It was interesting to follow the #BritSoc14 tweeting last week. The quality and quantity of the live tweeting was quite striking relative to previous conferences. Not surprisingly, it was the digital sociology sessions that provoked the most live tweeting. If Twitter is a reliable guide, which it probably isn’t, digital sociology seemed to be one of the most high profile topics at the conference. I was a bit dismayed to have missed the session I organised on Digital Public Sociology but thankfully Huw Davies recorded the talks:
I’m not sure if ‘Digital Public Sociology’ is a useful expression. But it’s how I’ve come to think of a topic that’s been one of my main interests ever since the first year of my PhD when I encountered Pierre Bourdieu’s public sociology at the same time as I was starting to see the academic relevance of blogging (which had long been a fairly directionless hobby of mine). There was a great day at Warwick, organised by Michelle Kempson and Lucy Mayblin, called the Politics of Sociology which helped connect these things in my mind. But I’m finding ‘digital public sociology’ useful because it’s the first time I’ve been able to articulate my interest in a way that doesn’t feel reductive, having formerly found myself saying rather sheepishly “er I’m interesting in sociologists blogging and tweeting and stuff”.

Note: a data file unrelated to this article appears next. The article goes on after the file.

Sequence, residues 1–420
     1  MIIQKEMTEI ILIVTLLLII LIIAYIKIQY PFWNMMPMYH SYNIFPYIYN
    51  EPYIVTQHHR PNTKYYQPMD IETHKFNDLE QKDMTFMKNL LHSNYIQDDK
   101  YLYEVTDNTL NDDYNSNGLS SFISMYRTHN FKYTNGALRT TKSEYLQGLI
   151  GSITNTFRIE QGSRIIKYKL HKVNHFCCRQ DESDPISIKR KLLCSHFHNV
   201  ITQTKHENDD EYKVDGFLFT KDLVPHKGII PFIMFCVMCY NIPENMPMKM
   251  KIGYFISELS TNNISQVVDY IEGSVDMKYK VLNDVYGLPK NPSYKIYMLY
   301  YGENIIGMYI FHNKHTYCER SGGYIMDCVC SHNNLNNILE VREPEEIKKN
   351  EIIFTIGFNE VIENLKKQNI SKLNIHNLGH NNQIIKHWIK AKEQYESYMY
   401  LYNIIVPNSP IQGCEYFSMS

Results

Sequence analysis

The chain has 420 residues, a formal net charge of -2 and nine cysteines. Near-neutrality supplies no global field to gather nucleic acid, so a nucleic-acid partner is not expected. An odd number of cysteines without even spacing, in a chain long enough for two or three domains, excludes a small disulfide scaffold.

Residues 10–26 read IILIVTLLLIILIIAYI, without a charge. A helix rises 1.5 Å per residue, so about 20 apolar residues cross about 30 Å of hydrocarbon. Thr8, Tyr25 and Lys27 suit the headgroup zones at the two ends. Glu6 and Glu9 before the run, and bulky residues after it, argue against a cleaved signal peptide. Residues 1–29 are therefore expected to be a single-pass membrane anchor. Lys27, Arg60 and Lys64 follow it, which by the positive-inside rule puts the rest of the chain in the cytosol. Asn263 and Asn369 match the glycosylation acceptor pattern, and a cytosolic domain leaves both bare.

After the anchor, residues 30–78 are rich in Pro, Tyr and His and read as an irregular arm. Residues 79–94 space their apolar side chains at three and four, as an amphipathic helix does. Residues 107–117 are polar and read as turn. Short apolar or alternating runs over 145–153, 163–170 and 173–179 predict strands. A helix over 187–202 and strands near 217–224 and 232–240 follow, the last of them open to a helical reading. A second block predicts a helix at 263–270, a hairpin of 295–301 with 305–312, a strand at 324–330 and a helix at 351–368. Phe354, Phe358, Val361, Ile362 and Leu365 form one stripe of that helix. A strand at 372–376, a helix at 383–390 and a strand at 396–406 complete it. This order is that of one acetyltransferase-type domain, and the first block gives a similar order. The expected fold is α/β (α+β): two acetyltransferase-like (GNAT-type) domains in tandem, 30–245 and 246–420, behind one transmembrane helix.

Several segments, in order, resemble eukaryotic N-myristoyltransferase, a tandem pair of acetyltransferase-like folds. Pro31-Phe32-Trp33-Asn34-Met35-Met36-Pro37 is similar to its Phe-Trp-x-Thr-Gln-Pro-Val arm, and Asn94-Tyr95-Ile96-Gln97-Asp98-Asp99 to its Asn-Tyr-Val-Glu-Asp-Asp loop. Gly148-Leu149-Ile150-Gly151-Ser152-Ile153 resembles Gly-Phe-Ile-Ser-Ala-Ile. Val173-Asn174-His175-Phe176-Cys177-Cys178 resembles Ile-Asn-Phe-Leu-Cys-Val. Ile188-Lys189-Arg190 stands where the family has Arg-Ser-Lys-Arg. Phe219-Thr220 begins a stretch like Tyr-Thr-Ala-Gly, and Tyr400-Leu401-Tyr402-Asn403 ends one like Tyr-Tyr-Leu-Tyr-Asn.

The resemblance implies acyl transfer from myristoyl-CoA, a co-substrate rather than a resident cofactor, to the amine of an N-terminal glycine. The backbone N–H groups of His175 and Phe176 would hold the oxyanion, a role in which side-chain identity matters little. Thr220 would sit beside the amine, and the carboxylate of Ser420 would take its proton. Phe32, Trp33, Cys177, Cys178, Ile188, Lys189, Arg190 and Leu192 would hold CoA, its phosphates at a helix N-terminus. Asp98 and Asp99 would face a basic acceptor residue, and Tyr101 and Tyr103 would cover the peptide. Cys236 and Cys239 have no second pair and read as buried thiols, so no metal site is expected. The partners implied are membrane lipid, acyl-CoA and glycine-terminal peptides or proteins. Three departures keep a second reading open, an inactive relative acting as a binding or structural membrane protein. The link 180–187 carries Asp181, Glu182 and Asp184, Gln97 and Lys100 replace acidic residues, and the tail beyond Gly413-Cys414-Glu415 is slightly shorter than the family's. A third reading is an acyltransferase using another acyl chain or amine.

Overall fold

Edited to add: the disparity in the stats between the three talks is really striking. I hadn’t actually thought about the running order (I just added them in the order I uploaded the files) but it does seem as if Deborah’s talk is much more visible as a consequence of being first in the playlist.